A-Mini-Story, The Secrets of War

A-Mini-Story, The Secrets of War



A U.S. Solider writes notes in his personal journal during the Iraqi war,  He shares his concerns over his ability to be a good husband after he returns home, because of all that he has seen, and all that he knows.


We all knew what was inside the small, carefully packaged, boxes. We were not allowed to speak of the contents of the small packages, which were being shipped to an undisclosed location, even if the world was looking for weapons of mass destruction.

Iraq is hotter than usual on this Sunday afternoon.

Our mission was classified. We fully understood what we were up against.

How could I relate to my family, my parents and my girlfriend after this? How would I be able to relate to anyone, other than military personal, after this? Classified military secrets will create a space of nothingness, between my fiancé, Charlene and me.

I’ve been ignoring my inner-self for almost a year now, I’m not sure if I can hold up after I return state side, after the grief I’ve experienced. Will my heart mend in time to be in-love again? War changes things.

She has been faithful, I can tell from her letters. She writes me three or four times a week, and spends her time going to school. She wants to be a nurse and says, she’ll support us until I get back on my feet. It’s not my feet that I worry about, it’s my mind.

There were times, I wish she would write a “Dear John Letter,” rather than wait for a man who is broken. In the beginning my heart hurt because one of my war buddies was killed, or badly injured in combat. At other times, my heart hurt when I saw pain on the faces of the Iraqi people.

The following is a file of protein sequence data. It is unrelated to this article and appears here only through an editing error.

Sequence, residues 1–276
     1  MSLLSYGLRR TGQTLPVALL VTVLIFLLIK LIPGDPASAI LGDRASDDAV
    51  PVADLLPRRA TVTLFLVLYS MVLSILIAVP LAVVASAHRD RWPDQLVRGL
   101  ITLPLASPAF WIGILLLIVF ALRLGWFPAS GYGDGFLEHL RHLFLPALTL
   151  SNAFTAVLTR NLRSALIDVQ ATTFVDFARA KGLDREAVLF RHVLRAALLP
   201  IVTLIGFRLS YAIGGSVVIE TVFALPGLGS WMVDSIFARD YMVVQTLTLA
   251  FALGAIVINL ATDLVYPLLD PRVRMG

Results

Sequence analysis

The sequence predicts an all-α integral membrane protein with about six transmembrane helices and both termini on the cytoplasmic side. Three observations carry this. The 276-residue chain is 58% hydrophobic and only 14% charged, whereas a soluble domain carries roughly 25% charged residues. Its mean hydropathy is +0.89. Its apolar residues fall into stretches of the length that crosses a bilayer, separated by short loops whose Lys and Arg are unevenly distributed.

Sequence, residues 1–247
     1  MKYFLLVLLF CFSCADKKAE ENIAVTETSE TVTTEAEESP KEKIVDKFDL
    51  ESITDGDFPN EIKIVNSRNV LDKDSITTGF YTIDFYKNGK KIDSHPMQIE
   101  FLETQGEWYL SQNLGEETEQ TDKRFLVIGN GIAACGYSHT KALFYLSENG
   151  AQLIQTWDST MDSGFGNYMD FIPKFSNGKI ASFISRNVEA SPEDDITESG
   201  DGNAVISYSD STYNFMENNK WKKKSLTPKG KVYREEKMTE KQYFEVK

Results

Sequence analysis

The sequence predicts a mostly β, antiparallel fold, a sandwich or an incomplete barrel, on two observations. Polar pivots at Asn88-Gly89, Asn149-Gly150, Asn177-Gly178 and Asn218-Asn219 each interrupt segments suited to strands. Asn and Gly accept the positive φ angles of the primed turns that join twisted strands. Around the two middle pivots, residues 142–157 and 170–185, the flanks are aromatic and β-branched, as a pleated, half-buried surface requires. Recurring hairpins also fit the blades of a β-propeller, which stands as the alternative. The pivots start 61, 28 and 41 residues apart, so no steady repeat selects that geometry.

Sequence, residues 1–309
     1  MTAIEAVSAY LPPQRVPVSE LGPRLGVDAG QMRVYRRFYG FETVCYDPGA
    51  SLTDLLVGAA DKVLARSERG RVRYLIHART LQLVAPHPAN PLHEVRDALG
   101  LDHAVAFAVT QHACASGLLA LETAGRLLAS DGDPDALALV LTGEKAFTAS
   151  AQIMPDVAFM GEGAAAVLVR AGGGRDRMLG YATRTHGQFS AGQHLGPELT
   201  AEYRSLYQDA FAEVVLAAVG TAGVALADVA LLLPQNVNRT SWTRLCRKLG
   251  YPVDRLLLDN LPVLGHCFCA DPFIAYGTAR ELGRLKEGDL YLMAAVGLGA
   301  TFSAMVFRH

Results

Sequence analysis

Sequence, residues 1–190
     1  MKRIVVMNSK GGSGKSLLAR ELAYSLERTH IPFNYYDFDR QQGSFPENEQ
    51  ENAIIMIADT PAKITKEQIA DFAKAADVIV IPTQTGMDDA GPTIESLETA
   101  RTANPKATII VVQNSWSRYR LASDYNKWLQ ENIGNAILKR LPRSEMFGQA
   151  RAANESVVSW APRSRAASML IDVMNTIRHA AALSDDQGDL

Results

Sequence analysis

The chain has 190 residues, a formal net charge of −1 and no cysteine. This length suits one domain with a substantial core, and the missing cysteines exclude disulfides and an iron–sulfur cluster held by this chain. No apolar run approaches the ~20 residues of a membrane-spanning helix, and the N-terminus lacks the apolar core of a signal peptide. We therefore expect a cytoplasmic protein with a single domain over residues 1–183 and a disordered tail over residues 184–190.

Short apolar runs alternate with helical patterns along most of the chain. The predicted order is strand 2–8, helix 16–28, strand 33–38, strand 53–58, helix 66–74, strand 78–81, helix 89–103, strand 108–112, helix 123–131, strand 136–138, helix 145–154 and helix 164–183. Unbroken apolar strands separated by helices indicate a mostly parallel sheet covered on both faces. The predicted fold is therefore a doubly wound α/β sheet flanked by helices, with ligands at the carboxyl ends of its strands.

More than anything I want to return home and be the man that Charlene deserves. But each day, I wonder if I’m even fit to be a good husband. The pain was just too great I closed my heart, to survive the war, now I don’t feel anything. Once you turn the corner of humanity and kill another human being, your life changes forever. You are only connected (forever) to the people you turned the corner with, and the families of the people you killed. The army tries to protect you, but a higher source plugs the emptiness of the families you disrupted, and justifiably so.

I love my country, I love my family and I love myself, yet, I feel alone and isolated. May the force, which is greater than me heal my war-torn heart.

Note from the Author: This is a fictional entry, into a U.S. soldier’s personal journal.


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